Stephen M. Davidson
The writer is professor emeritus at Boston University’s Health Sector Management Program.

To the Editor:

Re “Could Donald Trump Really Go to Prison?,” by Norman L. Eisen (Opinion guest essay, April 21):

After I read Mr. Eisen’s article, the possibility of Mr. Trump’s conviction and sentencing hit home.

I was a trial attorney for decades, and my appreciation for jurors has increased exponentially.

The jurors empaneled in this trial are showing bravery above and beyond. Many of the usual suspects have fanned the flames of hatred and potential violence by continuous attacks against certain participants in the trial. The jurors likely know this, and yet they agreed to sit in this case.

Each juror is a profile in courage. We owe them an enormous debt of gratitude. They must be protected. Democracy demands nothing less.

David S. Bright
Beverly Hills, Calif.

To the Editor:

Re “Black Voters’ Generation Gap Poses Problem for Biden Camp” (front page, April 19):

I’m deeply disappointed that this article suggests that some younger African Americans won’t vote because we don’t know our civil rights movement history, are uninformed about the issues or only have the same concerns as other voting blocs. Younger African Americans aren’t thrilled with the Democratic Party because it doesn’t give us specific policies.

Democrats court other groups of voters, and we want to be courted too. We need Democrats to fight fiercely for reparations for Black people descended from American chattel slavery, help close the racial wealth and homeownership gaps, provide significant federal funding for H.B.C.U.s and reinvest in our communities.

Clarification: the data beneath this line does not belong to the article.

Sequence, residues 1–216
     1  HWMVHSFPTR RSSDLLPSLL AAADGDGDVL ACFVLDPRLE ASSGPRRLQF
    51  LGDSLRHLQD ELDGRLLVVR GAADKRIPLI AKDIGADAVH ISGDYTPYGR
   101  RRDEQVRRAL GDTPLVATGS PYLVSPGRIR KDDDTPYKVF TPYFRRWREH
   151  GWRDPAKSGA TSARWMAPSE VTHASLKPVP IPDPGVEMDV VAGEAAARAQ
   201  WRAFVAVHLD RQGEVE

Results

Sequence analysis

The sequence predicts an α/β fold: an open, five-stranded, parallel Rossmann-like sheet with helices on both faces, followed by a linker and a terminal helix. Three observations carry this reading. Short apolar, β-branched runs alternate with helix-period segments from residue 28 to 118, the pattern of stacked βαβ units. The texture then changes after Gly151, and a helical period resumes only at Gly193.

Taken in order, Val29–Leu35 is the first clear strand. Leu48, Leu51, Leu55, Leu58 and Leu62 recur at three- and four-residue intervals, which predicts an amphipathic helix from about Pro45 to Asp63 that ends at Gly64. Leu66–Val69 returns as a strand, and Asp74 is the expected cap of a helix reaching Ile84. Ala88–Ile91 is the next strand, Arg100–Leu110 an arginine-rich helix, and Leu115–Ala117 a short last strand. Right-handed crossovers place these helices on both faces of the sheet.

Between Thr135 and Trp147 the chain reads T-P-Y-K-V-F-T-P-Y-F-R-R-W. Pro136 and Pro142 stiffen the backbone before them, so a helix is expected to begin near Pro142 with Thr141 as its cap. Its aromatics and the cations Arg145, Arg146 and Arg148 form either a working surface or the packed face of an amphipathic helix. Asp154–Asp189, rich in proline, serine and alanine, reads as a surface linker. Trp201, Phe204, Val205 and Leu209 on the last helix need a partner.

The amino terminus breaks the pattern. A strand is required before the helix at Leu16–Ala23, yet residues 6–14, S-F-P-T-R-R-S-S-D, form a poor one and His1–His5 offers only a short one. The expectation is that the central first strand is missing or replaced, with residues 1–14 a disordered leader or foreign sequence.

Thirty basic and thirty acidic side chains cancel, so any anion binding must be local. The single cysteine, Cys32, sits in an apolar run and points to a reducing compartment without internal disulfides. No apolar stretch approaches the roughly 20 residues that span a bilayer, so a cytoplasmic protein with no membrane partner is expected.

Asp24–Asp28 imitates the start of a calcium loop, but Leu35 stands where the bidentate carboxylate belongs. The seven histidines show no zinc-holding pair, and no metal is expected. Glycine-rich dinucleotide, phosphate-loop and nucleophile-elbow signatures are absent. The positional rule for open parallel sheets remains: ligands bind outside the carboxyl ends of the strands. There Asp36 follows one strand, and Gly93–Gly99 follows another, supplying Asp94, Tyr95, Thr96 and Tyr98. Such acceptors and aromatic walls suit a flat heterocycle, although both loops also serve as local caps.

Don’t treat us like a captured voting bloc. Our parents and grandparents have personally experienced significant changes because of Democratic policies. Younger generations haven’t seen that same change.

Believe it or not, there are informed younger African American voters. We read Essence, Ebony, Blavity and other publications with significant younger Black readerships. Reach out to reputable Black journalists and academics. Try reaching us through those channels, not “The Breakfast Club,” the radio show.

Nichole Nelson

To the Editor:

Re “News Outlets Say Candidates Should Debate” (Media, April 15):

A group of major news organizations advocating a televised debate issued a joint statement that included this quote: “There is simply no substitute for the candidates debating with each other, and before the American people, their visions for the future of our nation.”

That assertion is patently hyperbole. It is better for ratings than it is for the electorate.

There are indeed superior methods. When professional organizations hold elections, their candidates prepare brief videos. They succinctly offer information about their backgrounds, why they are running and how they plan to address significant issues facing their constituents.

Additionally, candidates provide comprehensive written responses to a series of questions so voters can evaluate their proposals and have ample time to consider them. In the case of our upcoming presidential election, news outlets should devise a set of questions for each to address, which can then be viewed side by side.

While a televised debate could provide entertainment for the public, its emphasis on showmanship, and the usual ad hominem attacks, are hardly valid means to decide who would be best suited to govern. For virtuoso stage performances, there’s Broadway.

Lawrence Balter
New York
The writer is professor emeritus of applied psychology at New York University.